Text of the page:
North Korean authorities have reportedly split the construction process of concrete barriers and high-voltage wires being built along the Sino-North Korean border into two phases. A source in North Korea says that the authorities will proceed with the two-pronged construction plan in three out of four border provinces (North Pyongan Province, Yanggang Province, and North Hamgyong Province). Chagang Province is reportedly the only border province exempted from the two-phased plan.
“The installation of barriers and high-voltage wires along the Chagang Province border is about 40% complete,” a source in North Korea told Daily NK on May 13. “Unlike in other border provinces, the authorities have given an order that the border barrier in Chagang Province must be constructed all at once without dividing the process into stages.”
According to the source, North Korean authorities reportedly plan to simultaneously complete the installation of barriers and high-voltage wires in Chagang Province, which has a relative abundance of uninhabited land. Construction troops will simultaneously erect barriers in Wiwon County, Chasong County, and Manpo. North Korean authorities have invested a massive amount of human resources into the project: around 5,000 construction troops and personnel from mechanized units are currently working on building border barriers.
However, the authorities have reportedly ordered that the construction processes in North Hamgyong Province, Yanggang Province, and North Pyongan Province take place in two sequential stages.
“All the [construction] materials needed for the project are already at the sites. The first stage of construction is already underway in areas like Ryongchon [County] and Uiju [County], where there are a lot of cliffs and uninhabited areas that make the areas difficult to patrol,” the source said in reference to the progress of construction in South Pyongan Province. “About 3,000 [construction workers] came into these areas, but progress has been slower than in Chagang Province because [the workers] had to construct temporary barracks while putting up the barriers and high-voltage wires. [Construction] is about 20% finished in these areas.”
According to the source, Ryongchon County and Uiju County border barriers will go up during the first phase. In contrast, Sinuiju, Sakju, and other border areas will see barriers go up during the second phase. The source said that construction workers might build temporary barracks depending on the time needed to complete construction in each area.
“The river near Sinuiju is wide, so it’s difficult to cross the river or smuggle without [access to] proper transportation like ships,” the source said, explaining why Sinuiju had been slated into the second phase of construction.
Meanwhile, North Korean authorities have sent down an order designating the four counties of Kimhyongjik, Kimjongsuk, Samsu, and Taehongdan as “phase one” construction sites. Approximately 3,000 construction soldiers have been deployed to the sites.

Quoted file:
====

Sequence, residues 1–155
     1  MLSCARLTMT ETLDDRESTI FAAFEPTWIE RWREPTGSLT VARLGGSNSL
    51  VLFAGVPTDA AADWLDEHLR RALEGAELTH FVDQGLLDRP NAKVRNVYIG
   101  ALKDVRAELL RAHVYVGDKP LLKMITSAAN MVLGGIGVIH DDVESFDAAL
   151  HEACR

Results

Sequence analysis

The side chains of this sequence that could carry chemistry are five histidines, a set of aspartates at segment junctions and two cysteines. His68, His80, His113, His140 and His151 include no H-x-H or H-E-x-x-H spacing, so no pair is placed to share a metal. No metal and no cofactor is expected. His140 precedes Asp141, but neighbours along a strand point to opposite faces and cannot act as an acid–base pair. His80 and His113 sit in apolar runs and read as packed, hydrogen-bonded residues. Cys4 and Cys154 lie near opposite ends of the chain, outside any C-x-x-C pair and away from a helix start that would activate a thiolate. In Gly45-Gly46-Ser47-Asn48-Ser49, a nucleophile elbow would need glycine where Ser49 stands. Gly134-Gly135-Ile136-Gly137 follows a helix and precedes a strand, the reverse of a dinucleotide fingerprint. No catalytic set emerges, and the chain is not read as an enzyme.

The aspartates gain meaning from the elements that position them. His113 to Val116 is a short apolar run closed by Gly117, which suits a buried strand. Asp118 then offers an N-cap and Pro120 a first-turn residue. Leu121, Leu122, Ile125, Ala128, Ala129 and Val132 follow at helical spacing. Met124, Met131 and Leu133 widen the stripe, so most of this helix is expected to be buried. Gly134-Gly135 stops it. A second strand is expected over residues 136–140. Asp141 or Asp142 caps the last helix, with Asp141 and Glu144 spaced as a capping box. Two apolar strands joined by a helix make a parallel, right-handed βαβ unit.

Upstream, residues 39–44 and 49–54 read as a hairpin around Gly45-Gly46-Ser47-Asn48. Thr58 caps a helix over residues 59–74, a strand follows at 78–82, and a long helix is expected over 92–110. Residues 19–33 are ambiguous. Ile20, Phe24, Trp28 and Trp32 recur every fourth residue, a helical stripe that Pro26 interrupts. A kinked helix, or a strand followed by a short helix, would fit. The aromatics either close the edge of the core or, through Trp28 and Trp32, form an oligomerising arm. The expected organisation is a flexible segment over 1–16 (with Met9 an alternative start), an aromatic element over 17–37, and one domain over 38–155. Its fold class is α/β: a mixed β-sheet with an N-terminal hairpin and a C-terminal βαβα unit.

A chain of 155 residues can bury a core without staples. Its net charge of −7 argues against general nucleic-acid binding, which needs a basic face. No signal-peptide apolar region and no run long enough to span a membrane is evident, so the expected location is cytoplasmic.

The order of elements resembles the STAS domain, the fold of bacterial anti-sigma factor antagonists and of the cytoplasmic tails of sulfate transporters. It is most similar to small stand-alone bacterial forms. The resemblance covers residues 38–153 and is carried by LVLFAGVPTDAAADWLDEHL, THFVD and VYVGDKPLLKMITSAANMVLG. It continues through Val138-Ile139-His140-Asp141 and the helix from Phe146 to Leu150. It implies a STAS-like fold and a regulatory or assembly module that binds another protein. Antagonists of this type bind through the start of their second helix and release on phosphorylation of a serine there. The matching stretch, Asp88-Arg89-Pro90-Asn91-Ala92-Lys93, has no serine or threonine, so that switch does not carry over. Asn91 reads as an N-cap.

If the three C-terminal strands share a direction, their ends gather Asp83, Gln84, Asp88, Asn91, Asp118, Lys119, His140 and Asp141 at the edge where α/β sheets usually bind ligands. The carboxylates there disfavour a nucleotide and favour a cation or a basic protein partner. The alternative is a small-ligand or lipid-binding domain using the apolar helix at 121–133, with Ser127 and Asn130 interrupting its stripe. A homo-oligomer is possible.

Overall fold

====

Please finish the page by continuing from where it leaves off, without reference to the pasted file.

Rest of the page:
“Huchang, Sinpa, Samsu, and Taehongdan counties have more uninhabited areas than other border regions in Yanggang Province,” the source said. “[Construction workers] have started building the barriers and high-voltage wires using the materials they currently have available, but construction is expected to switch into full swing by the end of this month when all the materials needed for the project arrive [at the sites].”
Meanwhile, the authorities have categorized the counties of Hyesan, Pochon, and Samjiyon as “phase two” construction sites. These counties are reportedly on a lower priority level because there are already many border guards and inland soldiers deployed to those areas. The authorities concluded that the existing personnel would be sufficient to enforce the order blockade to stop defections and other illegal behaviors.
Construction of barriers and high-voltage wires in the first phase North Hamgyong Province construction sites of Musan, Onsung, and Hoeryong counties will reportedly begin on May 15. According to the source, approximately 1,000 construction troops are already stationed in North Hamgyong Province’s border region. However, an additional 3,000 to 4,000 personnel will likely be deployed to the area in the near future because more defections occur in North Hamgyong Province than in any other province.
The Seventh Corps and stormtroopers from the Eleventh Corps are rumored to have plans to withdraw from the border region this October following the establishment of barriers and high-voltage wires.
“We need to wait and see when the barriers and high-voltage wires will be complete to know for sure, but there are rumors that the stormtroopers and Seventh Corps personnel will withdraw in October,” the source said.
Meanwhile, North Korean authorities are reportedly planning to deploy personnel conscripted this spring into the Seventh General Bureau, the Eighth General Bureau, and the military’s engineering corps to construction sites along the border. The authorities reportedly plan to send the newly-drafted soldiers to the border as soon as they finish their 10-week-long basic training.
“Newly drafted soldiers normally receive the rank of private one year after they take the soldier’s oath,” the source said. “However, rumors say that the authorities are considering reducing the time soldiers wait to become privates to just six months. If they give the new soldiers a military patch and send them to the border, the people there might give them strange looks. So, they’re planning on giving the new inductees to the Seventh General Bureau, the Eighth General Bureau, and the military’s engineering corps their promotions a little early.”
*Translated by S & J